/27 the new /24
matthias at leisi.net
Sun Oct 4 13:40:28 UTC 2015
> One or more of these things will be the death of IPv4:
IPv4 will not die, it will be superseded by something better :)
What I have found to be the greatest obstacle to IPv6 adoption is the state of IPv6 support in various types of CPEs / network equipment. The support is mostly OK in higher-end gear. But have you checked the support in home- or small-office devices?
In the handful of devices I recently had to deal with, IPv6 is always at best a „second class citizen“. First, there is some GUI for setup around IPv4. Then, if you are lucky, there are some poorly and inconsistently labelled „Advanced“ settings that may or may not enable IPv6. Or may enable some semi-consistent state that has been in an obscure lab setup once upon a time.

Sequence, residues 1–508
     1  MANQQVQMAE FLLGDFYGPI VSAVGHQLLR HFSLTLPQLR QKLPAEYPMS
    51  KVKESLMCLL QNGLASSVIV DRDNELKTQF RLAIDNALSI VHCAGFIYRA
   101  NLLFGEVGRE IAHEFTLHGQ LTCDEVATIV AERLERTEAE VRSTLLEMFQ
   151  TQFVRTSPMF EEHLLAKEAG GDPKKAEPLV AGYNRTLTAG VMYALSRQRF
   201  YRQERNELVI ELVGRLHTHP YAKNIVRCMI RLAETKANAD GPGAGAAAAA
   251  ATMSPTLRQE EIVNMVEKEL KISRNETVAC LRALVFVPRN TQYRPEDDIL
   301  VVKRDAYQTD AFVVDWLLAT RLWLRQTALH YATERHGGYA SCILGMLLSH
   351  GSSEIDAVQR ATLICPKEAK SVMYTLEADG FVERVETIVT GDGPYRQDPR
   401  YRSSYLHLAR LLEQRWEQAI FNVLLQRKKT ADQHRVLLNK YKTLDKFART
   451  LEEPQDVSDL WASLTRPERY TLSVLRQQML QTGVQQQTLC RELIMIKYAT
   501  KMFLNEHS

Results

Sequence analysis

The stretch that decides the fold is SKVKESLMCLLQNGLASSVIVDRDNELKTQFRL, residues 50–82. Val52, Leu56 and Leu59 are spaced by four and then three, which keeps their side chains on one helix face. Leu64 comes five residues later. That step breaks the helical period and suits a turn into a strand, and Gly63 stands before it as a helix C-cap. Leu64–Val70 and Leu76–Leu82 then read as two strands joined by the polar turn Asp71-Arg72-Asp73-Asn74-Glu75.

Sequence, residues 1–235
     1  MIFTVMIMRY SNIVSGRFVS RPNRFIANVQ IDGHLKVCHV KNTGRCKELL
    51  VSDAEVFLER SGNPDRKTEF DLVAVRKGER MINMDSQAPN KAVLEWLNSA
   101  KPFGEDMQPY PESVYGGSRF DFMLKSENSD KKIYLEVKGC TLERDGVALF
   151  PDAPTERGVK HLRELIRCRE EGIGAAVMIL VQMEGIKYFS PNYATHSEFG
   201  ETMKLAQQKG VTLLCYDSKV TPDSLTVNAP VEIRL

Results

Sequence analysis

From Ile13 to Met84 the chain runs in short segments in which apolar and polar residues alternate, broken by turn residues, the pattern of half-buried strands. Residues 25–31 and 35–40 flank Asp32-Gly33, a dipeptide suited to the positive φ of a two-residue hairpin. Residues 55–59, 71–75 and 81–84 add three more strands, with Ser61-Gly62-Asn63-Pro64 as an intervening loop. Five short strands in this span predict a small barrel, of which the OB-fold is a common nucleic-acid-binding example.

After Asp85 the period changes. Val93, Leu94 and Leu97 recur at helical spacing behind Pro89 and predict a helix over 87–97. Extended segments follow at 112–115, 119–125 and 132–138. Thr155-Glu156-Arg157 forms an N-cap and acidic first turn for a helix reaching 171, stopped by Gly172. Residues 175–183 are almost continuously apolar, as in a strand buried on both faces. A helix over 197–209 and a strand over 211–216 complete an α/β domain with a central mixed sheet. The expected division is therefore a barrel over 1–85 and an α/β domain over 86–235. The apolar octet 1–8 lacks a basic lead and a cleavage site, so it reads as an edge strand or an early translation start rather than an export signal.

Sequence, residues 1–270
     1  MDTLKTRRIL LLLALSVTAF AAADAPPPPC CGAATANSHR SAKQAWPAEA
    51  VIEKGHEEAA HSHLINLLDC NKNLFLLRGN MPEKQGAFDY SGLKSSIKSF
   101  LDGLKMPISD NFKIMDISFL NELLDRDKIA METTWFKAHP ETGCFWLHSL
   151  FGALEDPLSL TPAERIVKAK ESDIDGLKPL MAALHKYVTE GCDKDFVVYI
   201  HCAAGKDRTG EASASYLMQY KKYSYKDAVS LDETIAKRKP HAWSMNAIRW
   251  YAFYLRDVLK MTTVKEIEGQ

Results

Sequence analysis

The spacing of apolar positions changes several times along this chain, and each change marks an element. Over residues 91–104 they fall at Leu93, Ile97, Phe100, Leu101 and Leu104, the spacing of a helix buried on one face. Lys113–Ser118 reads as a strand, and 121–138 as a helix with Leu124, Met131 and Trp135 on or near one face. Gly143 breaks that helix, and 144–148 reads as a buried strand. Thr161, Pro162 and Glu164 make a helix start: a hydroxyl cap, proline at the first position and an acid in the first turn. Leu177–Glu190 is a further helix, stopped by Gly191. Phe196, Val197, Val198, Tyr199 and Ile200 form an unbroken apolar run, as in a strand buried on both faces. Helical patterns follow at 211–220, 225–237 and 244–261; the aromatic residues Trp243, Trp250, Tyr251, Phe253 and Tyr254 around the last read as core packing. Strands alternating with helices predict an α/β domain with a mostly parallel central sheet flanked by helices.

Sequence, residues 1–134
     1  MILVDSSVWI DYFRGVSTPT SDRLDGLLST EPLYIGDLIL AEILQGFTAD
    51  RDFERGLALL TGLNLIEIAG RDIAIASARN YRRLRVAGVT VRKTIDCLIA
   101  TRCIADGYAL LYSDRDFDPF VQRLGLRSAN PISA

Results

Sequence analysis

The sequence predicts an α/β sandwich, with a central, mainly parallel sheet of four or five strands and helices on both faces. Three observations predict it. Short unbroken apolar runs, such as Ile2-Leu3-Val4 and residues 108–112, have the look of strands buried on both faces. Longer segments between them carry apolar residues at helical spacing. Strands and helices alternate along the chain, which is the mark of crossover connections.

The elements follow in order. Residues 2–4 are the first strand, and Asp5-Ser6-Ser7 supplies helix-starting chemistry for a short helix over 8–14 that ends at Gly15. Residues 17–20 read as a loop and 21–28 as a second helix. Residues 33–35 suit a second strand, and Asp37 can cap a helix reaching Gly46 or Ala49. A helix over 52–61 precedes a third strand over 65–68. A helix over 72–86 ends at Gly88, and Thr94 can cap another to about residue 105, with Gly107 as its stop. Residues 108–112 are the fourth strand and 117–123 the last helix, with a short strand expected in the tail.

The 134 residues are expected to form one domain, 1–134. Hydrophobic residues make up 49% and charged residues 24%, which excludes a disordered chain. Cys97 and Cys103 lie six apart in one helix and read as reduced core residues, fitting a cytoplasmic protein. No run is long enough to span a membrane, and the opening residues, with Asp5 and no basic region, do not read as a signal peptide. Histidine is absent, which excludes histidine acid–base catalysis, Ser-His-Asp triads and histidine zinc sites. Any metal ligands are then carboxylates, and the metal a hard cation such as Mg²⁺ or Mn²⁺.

The built-in VPN which only supports IPv4 (that one specifically on an Asus router). A printer that behaves differently at different times under IPv4 than under IPv6. A NAS that works with IPv6 - *most* of the time.
While I can personally work around most of these issues, it simply does not scale to even a small office environment with some semi-technical people. That’s basic stuff that just needs to work, regardless of whether it runs on IPv4 or IPv6.
> Fortunately, in this case, we have a nice new body that we can transplant the internet into that has many fruitful years ahead
> of it. So… Do whatever you have to to survive in the meantime, but focus on getting your stuff onto the IPv6 internet so that
> we can all let IPv4 go gently into that good night and have it’s well deserved final rest.
Fully agree. But the current state of IPv6 outside "professional“ networks/devices is sincerely limited by a lot of poor CPE and consumer device implementations.
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